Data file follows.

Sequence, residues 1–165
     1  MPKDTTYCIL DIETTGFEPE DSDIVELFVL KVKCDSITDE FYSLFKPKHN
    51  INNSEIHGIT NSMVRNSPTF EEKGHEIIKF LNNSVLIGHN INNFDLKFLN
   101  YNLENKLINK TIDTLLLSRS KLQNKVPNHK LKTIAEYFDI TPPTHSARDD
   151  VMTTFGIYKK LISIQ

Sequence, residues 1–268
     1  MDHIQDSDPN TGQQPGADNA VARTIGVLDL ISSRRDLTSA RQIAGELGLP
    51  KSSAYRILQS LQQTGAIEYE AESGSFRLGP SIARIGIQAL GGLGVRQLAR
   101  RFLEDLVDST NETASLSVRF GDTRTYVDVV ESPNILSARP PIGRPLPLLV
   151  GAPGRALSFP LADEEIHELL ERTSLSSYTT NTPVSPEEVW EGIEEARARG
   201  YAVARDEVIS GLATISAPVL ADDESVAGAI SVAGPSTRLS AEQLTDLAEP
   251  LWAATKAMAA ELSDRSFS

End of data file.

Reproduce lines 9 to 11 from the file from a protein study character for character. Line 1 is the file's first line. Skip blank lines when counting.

   101  RFLEDLVDST NETASLSVRF GDTRTYVDVV ESPNILSARP PIGRPLPLLV
   151  GAPGRALSFP LADEEIHELL ERTSLSSYTT NTPVSPEEVW EGIEEARARG
   201  YAVARDEVIS GLATISAPVL ADDESVAGAI SVAGPSTRLS AEQLTDLAEP